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On its second album “Dream Deceiver” Dead Head reached a level of composition, and production values that finally lived up to its stellar live reputation. The band still played incredibly fast, and technical thrash metal but this time around everything was controlled better. Although the overall pace is lower, the album remains rabidly intense otherwise. Enforced by a superior drummer, and Tom Van Dijk adopting a deeper, but but not any less gnarly, biting or venomous vocal style Dead Head released its definitive statement. “Dream Deceiver” was the second of two Dead Head albums to be released through German label imprint Bad Taste Recordings and Intercord Record Services.

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New drummer Marco Kleinnibbelink was less frantic, and chaotic than Hans Spijker, but technically far superior in terms of fills, footwork and general composition. He would take his leave after the independently released “Promo 1995” demo. The songs are densely structured with more fluent transitions, the band’s patented explosive guitar leads/solos, and rapid start-stop sections. All are integrated far more naturally into each of the tracks. The songs sound not nearly as disjointed as some of the more frantic material from “The Feast Begins At Dawn”. In fact the flow of the record is one of its greatest strenghts. Prior to these recordings a promo tape was cut including the tracks ‘Ambiance Of Evil’ (that later became ‘House Of Ambiance’), ‘I Or the Needle’ and ‘Crimson Remains’. ‘Repulsive Emission’ is  a track detailing the dangers of information technology. The remainder of the tracks deal with the nefarious influence of religion.

One of the highlights of the album is the uniformly breakneck ‘Unholy’ that pulls the “The Feast Begins At Dawn” songwriting style into the band’s current creative paradigm. Not only has the track one of the best accelerations, it also has some very impressive drum chops by new recruit Kleinnibbelink, and veritably thundering bass licks. ‘Dream Deceiver’ has some very concrete rhythm sections, and a stellar emotive lead or two. The second half of the record is introduced by the slower, but not any less intense, ‘I Or the Needle’. The track deals with substance abuse, isolation and depression. ‘Crimson Remains’, as ‘Unholy’ before it, is custodian to a pair of fiery leads, and an explosive acceleration during its second half. ‘Shifting Sands’ is an instrumental moodsetting piece in tradition of ‘The Tribulation’ from the debut that was released two years prior. ‘Dying Angels’ is much slower fare once again, but Dead Head manage the style flawlessly. ‘Spiritual Suicide’ ends the album on a high note with its marvellously controlled chaos.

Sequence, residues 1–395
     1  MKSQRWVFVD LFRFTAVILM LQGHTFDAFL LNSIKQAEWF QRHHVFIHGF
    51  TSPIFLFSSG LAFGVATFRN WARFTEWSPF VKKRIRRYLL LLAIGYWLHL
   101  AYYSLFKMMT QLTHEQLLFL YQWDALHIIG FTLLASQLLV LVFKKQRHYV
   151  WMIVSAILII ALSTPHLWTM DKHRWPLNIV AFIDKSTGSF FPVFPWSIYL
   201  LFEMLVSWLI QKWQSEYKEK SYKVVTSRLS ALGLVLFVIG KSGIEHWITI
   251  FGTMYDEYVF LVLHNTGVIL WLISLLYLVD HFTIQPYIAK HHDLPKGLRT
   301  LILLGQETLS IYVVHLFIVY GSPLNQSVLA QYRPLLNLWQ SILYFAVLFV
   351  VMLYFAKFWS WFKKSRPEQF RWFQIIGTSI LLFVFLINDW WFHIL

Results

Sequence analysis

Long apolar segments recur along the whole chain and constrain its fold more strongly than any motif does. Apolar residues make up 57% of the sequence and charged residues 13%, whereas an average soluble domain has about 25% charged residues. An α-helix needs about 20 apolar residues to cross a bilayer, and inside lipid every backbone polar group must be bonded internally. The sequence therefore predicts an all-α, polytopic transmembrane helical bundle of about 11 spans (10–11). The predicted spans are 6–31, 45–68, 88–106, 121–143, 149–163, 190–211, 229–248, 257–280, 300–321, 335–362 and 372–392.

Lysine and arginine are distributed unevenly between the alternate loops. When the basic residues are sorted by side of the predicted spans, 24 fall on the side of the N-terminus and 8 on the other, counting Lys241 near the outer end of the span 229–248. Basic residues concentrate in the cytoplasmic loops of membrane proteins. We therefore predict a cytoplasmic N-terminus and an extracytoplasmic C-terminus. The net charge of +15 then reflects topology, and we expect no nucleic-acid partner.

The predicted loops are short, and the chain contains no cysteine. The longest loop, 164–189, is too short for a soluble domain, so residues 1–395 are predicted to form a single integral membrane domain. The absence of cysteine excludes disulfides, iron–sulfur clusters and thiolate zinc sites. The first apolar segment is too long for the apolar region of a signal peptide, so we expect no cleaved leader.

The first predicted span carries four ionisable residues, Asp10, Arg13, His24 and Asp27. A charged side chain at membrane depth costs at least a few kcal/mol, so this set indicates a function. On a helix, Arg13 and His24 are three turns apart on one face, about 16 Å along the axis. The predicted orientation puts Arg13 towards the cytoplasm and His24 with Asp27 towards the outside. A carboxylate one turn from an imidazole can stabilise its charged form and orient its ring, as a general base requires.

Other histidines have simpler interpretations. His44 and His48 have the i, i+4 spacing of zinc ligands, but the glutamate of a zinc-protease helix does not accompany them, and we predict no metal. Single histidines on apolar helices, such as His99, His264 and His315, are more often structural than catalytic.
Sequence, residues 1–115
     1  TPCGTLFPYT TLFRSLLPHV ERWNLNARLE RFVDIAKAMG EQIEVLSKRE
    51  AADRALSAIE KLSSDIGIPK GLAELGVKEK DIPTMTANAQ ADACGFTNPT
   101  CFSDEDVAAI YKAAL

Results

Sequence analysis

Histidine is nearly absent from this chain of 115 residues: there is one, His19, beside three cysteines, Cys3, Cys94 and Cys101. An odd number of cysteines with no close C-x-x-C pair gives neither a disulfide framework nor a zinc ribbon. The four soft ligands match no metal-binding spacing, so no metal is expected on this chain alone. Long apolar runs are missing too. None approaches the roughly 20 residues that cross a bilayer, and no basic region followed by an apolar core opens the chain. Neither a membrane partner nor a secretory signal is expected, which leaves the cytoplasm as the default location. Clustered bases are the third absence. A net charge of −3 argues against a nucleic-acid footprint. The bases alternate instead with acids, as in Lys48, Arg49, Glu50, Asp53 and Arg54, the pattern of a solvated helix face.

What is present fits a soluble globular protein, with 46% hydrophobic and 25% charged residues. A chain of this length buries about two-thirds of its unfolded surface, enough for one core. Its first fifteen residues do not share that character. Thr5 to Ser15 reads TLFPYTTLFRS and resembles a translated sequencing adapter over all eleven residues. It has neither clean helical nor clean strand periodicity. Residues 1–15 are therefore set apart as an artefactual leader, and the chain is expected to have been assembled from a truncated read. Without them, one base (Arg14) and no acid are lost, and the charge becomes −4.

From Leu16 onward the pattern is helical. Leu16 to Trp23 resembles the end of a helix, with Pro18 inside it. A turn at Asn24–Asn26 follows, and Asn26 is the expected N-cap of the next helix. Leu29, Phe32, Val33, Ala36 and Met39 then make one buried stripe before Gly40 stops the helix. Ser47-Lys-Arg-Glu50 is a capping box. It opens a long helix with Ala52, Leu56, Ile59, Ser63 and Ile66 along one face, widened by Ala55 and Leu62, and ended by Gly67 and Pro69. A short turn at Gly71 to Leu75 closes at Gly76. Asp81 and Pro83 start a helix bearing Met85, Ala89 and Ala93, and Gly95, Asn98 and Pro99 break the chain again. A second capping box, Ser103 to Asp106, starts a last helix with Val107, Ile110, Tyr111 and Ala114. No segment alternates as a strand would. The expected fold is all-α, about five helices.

One aspect to take umbrage with on the band’s debut record was its overly dry and thin production. Dead Head understandably moved to a different studio location for this session, although they maintained a working relation with long-time producer Berthus Westerhuys. “Dream Deceiver” was recorded at Westerhuis Audio with Gert Stegeman, and Bertus Westerhuys manning the console. The record comes with a superior bass-heavy production with a lot of body, texture and depth. The instruments are balanced better against each other, with greater emphasis put on the booming bass guitar – and commanding drums with powerful kickdrums and cymbal crashes. The rhythm guitars possess far more crunch, and bite with increased levels of density, clarity and definition for the leads and solos. A lot of more attention was given to vocal production, and Tom Van Dijk’s serpentine rasps were now more malevolent sounding than on “The Feast Begins At Dawn” bordering on almost death metal territory in its gravelly bellowing.

“Dream Deceiver” is based at least in part on the 1987 Robert de Niro thriller “Angel Heart”. The movie itself was a screen adaption of the 1978 William Hjortsberg hardboiled detective novel “Falling Angel”. “Angel Heart” was directed by Alan Parker, who earlier had directed the silver screen adaption of Pink Floyd’s legendary 1979 concept double album “The Wall”. The screen adaption of “Angel Heart” stirred its own share of controversy for its infamous sex scene between leading man Mickey Rourke and a nubile Lisa Bonet. The track ‘Angel Heart’ is  a basic summation of what the novel, and film are about. The track ‘Dying Angels’ samples De Niro’s final speech of said movie.

Disregarding the partial concept “Dream Deceiver” is strong on its own considerable merits. Dead Head abandoned its chaotic approach, and near unhingedness in favor for tightly controlled aggression within more ambitious song construction. All while keeping its savage songwriting formula intact within the perimeter of a thicker, more textured and bass-heavier production. Only the visuals seems to have not undergone quite the same transformation. The photography is fantastic, but the cover artwork is underwhelming to say the least. The album was released in 1993 through Bad Taste Recordings and Intercord Record Services. While somewhat forgotten these days the album remains one of the strongest in its genre. Their sporadic output makes Dead Head one of Holland’s most enduring but still continually overlooked thrash metal entities.